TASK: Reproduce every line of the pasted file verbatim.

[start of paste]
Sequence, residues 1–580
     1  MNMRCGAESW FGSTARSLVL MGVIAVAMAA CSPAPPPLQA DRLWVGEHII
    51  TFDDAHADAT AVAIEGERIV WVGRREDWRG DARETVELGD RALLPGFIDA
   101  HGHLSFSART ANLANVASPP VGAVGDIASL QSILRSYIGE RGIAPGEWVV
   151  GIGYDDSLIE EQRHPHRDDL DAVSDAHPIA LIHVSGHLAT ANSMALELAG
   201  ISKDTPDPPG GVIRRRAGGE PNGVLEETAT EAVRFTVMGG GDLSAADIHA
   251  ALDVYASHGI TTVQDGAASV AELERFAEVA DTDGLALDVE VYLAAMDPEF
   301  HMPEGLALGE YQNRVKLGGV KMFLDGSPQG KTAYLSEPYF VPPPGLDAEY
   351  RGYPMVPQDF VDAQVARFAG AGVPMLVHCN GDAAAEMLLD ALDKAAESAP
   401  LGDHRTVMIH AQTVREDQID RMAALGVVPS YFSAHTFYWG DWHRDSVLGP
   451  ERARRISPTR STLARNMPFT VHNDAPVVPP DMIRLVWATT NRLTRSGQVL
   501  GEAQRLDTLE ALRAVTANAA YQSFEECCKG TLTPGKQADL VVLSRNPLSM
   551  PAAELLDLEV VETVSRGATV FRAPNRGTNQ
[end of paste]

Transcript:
Sequence, residues 1–580
     1  MNMRCGAESW FGSTARSLVL MGVIAVAMAA CSPAPPPLQA DRLWVGEHII
    51  TFDDAHADAT AVAIEGERIV WVGRREDWRG DARETVELGD RALLPGFIDA
   101  HGHLSFSART ANLANVASPP VGAVGDIASL QSILRSYIGE RGIAPGEWVV
   151  GIGYDDSLIE EQRHPHRDDL DAVSDAHPIA LIHVSGHLAT ANSMALELAG
   201  ISKDTPDPPG GVIRRRAGGE PNGVLEETAT EAVRFTVMGG GDLSAADIHA
   251  ALDVYASHGI TTVQDGAASV AELERFAEVA DTDGLALDVE VYLAAMDPEF
   301  HMPEGLALGE YQNRVKLGGV KMFLDGSPQG KTAYLSEPYF VPPPGLDAEY
   351  RGYPMVPQDF VDAQVARFAG AGVPMLVHCN GDAAAEMLLD ALDKAAESAP
   401  LGDHRTVMIH AQTVREDQID RMAALGVVPS YFSAHTFYWG DWHRDSVLGP
   451  ERARRISPTR STLARNMPFT VHNDAPVVPP DMIRLVWATT NRLTRSGQVL
   501  GEAQRLDTLE ALRAVTANAA YQSFEECCKG TLTPGKQADL VVLSRNPLSM
   551  PAAELLDLEV VETVSRGATV FRAPNRGTNQ